See also: barrel, pork
The American Heritage® Dictionary of Idioms by Christine Ammer. Copyright © 2003, 1997 by The Christine Ammer 1992 Trust. Published by Houghton Mifflin Harcourt Publishing Company. All rights reserved.

pork out

v. Slang
1. To eat greedily, ravenously, or voraciously; gorge: After we porked out at the buffet, we didn't have room for dessert. I went to my favorite restaurant and porked out on pizza.
2. To become fat: I porked out over the holidays, and now I can barely fit into my pants.
See also: out, pork
The American Heritage® Dictionary of Phrasal Verbs. Copyright © 2005 by Houghton Mifflin Harcourt Publishing Company. Published by Houghton Mifflin Harcourt Publishing Company. All rights reserved.

pork

1. n. the police in general; a pig. (Underworld.) Keep an eye out for the pork.
2. tv. & in. to copulate [with] someone. (Usually objectionable.) They pork all the time, just like bunnies.

pork hammer

n. the penis. Stop scratching your pork hammer, bro.
See also: hammer, pork

pork out

in. to overindulge in food and drink. (A play on pig out.) Whenever I see french fries, I know I’m going to pork out.
See also: out, pork

porked

mod. copulated with; [of a female] deflowered. (Usually objectionable.) Well, have you been porked?
See also: pork
McGraw-Hill's Dictionary of American Slang and Colloquial Expressions Copyright © 2006 by The McGraw-Hill Companies, Inc. All rights reserved.
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References in classic literature ?
Goddard, for I really do not think she cares for any thing but boiled pork: when we dress the leg it will be another thing.
He was a magnanimous monarch, but a shrewd pork merchant; and perhaps thought he could not do better with his future allies, the American Fur Company, than to begin by close dealing.
So through various yawning holes there slipped to the floor below--to one room hams, to another forequarters, to another sides of pork. One might go down to this floor and see the pickling rooms, where the hams were put into vats, and the great smoke rooms, with their airtight iron doors.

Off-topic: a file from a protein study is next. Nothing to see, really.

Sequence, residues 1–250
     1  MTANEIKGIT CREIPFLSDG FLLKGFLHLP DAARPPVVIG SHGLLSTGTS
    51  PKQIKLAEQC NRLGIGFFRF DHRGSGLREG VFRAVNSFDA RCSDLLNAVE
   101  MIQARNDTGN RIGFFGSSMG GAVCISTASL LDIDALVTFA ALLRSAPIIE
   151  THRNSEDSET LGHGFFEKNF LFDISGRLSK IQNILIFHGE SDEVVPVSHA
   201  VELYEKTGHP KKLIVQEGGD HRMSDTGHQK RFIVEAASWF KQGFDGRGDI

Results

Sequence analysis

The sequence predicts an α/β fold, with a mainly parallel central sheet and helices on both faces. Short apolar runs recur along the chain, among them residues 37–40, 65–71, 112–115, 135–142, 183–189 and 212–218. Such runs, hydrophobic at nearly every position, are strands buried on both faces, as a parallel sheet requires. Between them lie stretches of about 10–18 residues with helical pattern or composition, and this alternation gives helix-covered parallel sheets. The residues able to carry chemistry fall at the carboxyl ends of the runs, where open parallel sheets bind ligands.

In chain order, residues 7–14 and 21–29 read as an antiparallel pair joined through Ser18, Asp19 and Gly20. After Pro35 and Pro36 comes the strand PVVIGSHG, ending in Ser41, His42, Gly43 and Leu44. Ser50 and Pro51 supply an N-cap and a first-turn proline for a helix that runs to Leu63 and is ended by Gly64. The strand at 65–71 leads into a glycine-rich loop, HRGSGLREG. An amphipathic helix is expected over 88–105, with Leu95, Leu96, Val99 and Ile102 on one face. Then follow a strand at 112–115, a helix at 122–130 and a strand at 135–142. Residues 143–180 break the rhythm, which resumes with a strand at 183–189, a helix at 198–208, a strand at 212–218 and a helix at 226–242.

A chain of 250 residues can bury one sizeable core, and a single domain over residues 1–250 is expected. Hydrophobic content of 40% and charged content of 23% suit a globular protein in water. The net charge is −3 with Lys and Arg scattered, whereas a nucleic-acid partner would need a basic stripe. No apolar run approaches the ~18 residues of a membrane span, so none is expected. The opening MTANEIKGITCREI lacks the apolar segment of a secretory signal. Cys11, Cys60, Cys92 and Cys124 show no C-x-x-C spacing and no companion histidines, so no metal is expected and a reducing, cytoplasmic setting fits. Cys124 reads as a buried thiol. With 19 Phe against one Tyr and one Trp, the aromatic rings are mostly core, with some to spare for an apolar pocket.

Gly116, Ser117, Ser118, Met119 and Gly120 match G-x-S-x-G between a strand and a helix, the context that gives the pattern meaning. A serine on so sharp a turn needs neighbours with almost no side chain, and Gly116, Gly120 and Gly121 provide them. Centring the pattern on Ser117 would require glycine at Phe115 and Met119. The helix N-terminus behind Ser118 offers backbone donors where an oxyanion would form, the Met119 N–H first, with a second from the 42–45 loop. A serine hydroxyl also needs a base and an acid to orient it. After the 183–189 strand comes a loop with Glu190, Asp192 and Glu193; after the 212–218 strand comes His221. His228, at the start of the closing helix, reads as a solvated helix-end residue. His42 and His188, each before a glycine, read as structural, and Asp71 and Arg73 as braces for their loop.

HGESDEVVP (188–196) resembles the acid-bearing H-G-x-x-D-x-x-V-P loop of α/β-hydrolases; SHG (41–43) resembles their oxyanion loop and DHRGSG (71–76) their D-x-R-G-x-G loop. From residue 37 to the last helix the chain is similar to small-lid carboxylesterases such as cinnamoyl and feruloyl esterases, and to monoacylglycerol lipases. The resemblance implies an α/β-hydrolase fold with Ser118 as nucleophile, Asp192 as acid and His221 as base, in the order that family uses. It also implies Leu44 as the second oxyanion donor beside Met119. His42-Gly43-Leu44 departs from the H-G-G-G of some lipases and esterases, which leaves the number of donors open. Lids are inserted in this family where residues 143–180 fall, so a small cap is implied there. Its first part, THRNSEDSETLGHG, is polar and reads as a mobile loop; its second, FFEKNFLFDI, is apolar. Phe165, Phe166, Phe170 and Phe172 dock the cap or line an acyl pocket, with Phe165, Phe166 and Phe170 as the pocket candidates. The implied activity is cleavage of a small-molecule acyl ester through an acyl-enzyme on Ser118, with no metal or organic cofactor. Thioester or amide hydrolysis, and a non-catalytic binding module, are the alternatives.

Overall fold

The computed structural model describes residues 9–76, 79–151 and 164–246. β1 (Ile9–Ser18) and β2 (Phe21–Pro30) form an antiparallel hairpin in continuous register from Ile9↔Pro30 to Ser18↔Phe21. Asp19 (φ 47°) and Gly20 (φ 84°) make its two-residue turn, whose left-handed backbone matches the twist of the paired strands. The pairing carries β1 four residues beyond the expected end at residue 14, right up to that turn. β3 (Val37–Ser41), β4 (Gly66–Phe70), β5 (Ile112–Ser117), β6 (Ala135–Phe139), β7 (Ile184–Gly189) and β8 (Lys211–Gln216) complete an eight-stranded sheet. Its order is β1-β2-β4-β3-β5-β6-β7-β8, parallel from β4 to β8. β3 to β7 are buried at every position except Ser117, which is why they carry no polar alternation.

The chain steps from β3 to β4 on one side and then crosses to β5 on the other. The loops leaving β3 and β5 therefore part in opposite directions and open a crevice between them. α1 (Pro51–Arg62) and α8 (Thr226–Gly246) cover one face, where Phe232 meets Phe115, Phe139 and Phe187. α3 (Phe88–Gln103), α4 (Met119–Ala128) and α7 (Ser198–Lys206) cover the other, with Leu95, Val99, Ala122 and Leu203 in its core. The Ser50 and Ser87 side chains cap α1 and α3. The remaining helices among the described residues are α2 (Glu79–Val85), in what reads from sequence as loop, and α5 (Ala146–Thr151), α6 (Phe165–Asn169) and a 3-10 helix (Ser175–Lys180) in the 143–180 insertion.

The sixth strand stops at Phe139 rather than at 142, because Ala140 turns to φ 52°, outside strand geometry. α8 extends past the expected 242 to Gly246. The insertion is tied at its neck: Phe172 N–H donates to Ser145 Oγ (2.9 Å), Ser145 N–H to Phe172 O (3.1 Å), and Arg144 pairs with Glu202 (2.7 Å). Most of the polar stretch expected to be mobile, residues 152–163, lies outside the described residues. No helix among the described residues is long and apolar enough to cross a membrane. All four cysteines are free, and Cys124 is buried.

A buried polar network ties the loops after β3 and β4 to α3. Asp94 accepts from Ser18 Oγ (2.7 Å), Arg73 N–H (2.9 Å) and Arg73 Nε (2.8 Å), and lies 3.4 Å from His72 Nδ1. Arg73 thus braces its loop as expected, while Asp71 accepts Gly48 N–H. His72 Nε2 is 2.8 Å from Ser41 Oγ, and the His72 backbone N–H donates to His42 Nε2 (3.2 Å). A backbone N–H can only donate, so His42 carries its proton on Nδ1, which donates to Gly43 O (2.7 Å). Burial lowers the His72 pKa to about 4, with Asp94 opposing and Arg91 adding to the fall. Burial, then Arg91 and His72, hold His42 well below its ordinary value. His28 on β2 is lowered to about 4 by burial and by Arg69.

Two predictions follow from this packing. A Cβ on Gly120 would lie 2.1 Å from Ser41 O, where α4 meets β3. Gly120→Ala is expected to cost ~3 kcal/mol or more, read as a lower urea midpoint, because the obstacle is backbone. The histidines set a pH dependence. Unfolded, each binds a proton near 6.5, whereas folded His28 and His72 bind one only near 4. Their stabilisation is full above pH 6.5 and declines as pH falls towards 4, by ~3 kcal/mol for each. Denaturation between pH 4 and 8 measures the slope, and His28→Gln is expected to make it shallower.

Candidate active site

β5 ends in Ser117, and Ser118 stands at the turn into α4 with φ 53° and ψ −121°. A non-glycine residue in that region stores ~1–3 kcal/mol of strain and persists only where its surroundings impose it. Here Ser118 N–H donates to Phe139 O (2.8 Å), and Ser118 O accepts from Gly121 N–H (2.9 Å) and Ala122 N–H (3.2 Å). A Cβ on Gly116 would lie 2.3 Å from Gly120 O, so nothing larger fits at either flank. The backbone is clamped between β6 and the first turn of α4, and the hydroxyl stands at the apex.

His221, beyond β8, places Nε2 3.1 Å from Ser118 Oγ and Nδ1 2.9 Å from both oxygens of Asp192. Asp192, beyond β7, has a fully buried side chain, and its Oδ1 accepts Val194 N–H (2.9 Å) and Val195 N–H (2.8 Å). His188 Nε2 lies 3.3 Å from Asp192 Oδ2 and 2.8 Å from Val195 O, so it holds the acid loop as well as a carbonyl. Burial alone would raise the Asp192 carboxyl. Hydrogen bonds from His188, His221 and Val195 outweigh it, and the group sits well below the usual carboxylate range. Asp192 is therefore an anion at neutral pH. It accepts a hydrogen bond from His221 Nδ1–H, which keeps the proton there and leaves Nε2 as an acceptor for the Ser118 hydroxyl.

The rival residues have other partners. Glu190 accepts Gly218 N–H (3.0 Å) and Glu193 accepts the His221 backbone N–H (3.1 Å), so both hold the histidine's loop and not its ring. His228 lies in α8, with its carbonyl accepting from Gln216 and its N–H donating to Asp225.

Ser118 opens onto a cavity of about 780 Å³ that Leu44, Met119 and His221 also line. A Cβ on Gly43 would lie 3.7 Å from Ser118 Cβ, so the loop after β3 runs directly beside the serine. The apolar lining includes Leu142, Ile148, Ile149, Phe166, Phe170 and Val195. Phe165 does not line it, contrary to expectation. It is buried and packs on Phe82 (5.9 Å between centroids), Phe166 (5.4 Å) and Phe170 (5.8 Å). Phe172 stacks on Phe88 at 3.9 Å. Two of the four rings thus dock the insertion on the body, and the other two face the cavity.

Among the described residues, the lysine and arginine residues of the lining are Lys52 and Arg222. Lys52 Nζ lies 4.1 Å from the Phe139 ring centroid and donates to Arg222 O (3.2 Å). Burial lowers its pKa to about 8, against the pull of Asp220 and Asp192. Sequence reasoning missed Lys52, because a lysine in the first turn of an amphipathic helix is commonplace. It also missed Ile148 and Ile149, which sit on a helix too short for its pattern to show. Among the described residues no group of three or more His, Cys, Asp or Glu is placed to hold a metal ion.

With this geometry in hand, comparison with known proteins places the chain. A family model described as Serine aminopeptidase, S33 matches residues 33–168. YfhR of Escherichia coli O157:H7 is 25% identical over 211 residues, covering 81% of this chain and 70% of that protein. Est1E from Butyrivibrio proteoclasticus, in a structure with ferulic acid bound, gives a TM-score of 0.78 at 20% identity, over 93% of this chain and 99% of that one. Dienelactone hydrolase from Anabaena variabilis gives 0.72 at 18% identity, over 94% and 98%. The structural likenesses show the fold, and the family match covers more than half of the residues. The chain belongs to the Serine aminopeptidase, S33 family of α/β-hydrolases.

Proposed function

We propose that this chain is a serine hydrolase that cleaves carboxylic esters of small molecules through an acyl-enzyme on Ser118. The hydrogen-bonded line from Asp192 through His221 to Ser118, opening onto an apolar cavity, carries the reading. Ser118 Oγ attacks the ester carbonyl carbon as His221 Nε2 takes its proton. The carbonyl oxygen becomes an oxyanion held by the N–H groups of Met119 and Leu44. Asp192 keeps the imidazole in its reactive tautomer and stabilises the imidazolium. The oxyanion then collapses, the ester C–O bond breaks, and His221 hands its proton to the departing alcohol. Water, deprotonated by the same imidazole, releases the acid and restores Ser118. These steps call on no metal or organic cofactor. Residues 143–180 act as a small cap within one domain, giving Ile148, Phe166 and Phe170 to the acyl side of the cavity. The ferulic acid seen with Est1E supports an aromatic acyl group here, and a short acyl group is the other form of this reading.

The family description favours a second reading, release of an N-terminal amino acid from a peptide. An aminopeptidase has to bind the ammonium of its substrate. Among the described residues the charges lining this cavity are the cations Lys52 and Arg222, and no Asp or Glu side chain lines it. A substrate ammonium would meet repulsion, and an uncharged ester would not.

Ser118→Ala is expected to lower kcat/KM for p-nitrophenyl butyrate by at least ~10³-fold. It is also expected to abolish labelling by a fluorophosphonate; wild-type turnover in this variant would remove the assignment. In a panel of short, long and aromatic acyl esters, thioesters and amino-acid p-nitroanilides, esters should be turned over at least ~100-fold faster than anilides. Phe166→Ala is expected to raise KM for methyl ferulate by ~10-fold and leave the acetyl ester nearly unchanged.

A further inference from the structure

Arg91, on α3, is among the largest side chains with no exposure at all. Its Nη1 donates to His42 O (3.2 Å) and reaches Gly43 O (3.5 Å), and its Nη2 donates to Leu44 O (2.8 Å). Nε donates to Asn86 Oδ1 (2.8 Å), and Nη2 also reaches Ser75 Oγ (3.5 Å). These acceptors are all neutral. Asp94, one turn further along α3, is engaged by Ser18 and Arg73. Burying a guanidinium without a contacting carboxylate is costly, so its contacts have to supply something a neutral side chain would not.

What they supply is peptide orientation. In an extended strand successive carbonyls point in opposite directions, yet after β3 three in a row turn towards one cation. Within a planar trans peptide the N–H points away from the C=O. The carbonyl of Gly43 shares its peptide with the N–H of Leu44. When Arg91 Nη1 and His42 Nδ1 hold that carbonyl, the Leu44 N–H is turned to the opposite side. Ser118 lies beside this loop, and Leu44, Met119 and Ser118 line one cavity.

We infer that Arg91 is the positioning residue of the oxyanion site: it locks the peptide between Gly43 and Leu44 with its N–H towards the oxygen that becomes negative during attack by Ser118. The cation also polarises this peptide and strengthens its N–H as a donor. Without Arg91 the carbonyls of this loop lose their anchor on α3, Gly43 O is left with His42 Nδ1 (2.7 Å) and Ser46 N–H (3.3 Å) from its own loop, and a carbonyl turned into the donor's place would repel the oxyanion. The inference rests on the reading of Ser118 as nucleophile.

These various matters were at once placed before me; but Kory-Kory deemed the banquet entirely insufficient for my wants until he had supplied me with one of the leafy packages of pork, which, notwithstanding the somewhat hasty manner in which it had been prepared, possessed a most excellent flavour, and was surprisingly sweet and tender.
Pork is not a staple article of food among the people of the Marquesas; consequently they pay little attention to the BREEDING of the swine.
On the table was a roast sirloin of pork, garnished with shamrocks.
Then Ulysses cut off a piece of roast pork with plenty of fat (for there was abundance left on the joint) and said to a servant, "Take this piece of pork over to Demodocus and tell him to eat it; for all the pain his lays may cause me I will salute him none the less; bards are honoured and respected throughout the world, for the muse teaches them their songs and loves them."
Bagnet hospitably declares that he will hear of no business until after dinner and that his friend shall not partake of his counsel without first partaking of boiled pork and greens.
It was made of small juicy clams, scarcely bigger than hazel nuts, mixed with pounded ship biscuit, and salted pork cut up into little flakes; the whole enriched with butter, and plentifully seasoned with pepper and salt.
``I am very glad every fool knows that too,'' said Wamba, ``and pork, I think, is good Norman-French; and so when the brute lives, and is in the charge of a Saxon slave, she goes by her Saxon name; but becomes a Norman, and is called pork, when she is carried to the Castle-hall to feast among the nobles what dost thou think of this, friend Gurth, ha?''